Count returns a value that is the total number of qualified rows in value_expression.
Teradata Count Syntax:
Value_expression => a literal or column expression for which the total count is computed. The expression cannot contain any ordered analytical or aggregate functions.
[TYPE] as ALL => that all non-null values of value_expression, including duplicates, are included in the total count. This is the default.
[TYPE] as DISTINCT => that a value_expression that evaluates to NULL or to a duplicate value does not contribute to the total count. This is used to get distinct count in Teradata.
[TYPE] as * => to count all rows in the group of rows on which COUNT operates.
COUNT is valid for any data type.
Example of Teradata count distinct:
To determine the number of distinct departments in the Employee table, use COUNT (DISTINCT) as illustrated in the following SELECT COUNT.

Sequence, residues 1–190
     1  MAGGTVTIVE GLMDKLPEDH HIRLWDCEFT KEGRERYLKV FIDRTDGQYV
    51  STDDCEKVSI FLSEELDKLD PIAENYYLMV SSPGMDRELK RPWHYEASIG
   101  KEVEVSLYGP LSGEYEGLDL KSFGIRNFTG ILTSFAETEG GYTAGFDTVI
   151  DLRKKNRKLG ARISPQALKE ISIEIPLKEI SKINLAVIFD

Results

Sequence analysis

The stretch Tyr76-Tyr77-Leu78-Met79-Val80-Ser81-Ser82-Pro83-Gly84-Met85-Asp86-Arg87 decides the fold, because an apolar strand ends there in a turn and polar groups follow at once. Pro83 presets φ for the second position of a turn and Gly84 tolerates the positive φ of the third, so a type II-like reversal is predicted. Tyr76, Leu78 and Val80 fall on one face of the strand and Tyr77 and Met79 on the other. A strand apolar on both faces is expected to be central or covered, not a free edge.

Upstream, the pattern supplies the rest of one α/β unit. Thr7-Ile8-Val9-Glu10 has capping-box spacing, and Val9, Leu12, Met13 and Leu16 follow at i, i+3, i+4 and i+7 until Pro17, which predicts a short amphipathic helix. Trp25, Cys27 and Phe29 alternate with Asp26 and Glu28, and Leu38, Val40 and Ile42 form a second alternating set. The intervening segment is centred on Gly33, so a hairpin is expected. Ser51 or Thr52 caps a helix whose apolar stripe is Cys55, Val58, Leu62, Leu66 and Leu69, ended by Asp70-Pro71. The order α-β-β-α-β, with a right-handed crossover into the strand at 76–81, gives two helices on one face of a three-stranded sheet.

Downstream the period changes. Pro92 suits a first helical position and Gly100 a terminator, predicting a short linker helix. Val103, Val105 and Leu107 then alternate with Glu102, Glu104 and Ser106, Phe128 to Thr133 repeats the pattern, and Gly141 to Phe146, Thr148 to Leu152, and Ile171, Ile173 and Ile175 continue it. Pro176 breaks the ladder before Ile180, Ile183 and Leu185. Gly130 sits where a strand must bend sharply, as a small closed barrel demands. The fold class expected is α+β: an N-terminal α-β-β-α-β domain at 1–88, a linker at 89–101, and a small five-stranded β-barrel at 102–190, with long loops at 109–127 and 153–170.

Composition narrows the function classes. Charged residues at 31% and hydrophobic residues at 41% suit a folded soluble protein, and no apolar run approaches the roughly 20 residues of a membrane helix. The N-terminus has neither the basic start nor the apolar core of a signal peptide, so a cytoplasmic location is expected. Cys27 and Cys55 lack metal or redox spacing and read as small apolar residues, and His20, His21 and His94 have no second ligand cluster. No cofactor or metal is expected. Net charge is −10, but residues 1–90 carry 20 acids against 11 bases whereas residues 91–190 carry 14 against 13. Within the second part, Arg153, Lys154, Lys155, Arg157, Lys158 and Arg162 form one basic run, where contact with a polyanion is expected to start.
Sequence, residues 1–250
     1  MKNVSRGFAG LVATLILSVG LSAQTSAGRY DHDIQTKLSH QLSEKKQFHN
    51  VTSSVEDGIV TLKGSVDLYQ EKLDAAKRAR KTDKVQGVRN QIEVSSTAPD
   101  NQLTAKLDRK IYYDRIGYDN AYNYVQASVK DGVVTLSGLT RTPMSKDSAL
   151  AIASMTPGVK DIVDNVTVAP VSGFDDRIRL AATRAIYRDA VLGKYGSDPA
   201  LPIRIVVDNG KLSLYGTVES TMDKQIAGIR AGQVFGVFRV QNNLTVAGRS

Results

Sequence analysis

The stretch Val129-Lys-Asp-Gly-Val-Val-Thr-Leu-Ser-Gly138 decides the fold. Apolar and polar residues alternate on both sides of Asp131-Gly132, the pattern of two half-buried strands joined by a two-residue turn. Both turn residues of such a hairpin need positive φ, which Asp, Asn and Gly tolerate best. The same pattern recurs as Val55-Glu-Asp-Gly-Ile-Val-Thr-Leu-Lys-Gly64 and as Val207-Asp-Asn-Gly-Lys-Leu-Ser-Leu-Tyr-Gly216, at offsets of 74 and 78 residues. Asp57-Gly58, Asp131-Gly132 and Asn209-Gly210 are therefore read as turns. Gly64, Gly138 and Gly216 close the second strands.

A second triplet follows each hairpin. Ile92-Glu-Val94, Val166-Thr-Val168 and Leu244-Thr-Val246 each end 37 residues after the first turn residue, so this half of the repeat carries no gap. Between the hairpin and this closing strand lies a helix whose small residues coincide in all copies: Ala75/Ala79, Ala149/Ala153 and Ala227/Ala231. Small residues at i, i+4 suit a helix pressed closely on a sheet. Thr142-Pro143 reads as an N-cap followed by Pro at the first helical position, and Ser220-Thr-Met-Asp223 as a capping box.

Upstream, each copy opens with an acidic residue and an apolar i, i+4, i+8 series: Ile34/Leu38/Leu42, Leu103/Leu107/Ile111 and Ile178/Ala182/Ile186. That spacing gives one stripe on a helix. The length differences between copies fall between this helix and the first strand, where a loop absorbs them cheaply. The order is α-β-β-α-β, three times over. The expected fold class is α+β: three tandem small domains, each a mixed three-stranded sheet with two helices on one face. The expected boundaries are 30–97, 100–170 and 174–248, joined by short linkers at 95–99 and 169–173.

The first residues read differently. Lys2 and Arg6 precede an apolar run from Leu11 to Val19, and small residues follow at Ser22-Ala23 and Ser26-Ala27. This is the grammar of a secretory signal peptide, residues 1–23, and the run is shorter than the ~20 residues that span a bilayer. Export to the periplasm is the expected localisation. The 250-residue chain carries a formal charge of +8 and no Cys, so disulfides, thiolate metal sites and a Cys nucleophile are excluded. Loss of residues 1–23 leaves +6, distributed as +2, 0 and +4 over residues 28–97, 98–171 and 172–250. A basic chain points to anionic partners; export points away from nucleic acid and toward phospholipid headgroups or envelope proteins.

SELECT COUNT (DISTINCT DeptNo) FROM Employee ;
The system responds with the following report.
Count(Distinct(DeptNo)) ----------------------- 5
Example of Teradata count:
COUNT(*) reports the number of employees in each department because the GROUP BY clause groups results by department number.
SELECT DeptNo, COUNT(*) FROM Employee GROUP BY DeptNo ORDER BY DeptNo;
Without the GROUP BY clause, only the total number of employees represented in the Employee table is reported:
SELECT COUNT(*) FROM Employee;
Note that without the GROUP BY clause, the select list cannot include the DeptNo column because it returns any number of values and COUNT(*) returns only one value.
SELECT COUNT(deptno) FROM employee;
The result of this SELECT is that COUNT returns a total of the non-null occurrences of department number.
Because aggregate functions ignore nulls, the two new employees are not reflected in the figure.
Count(DeptNo) -------------- 21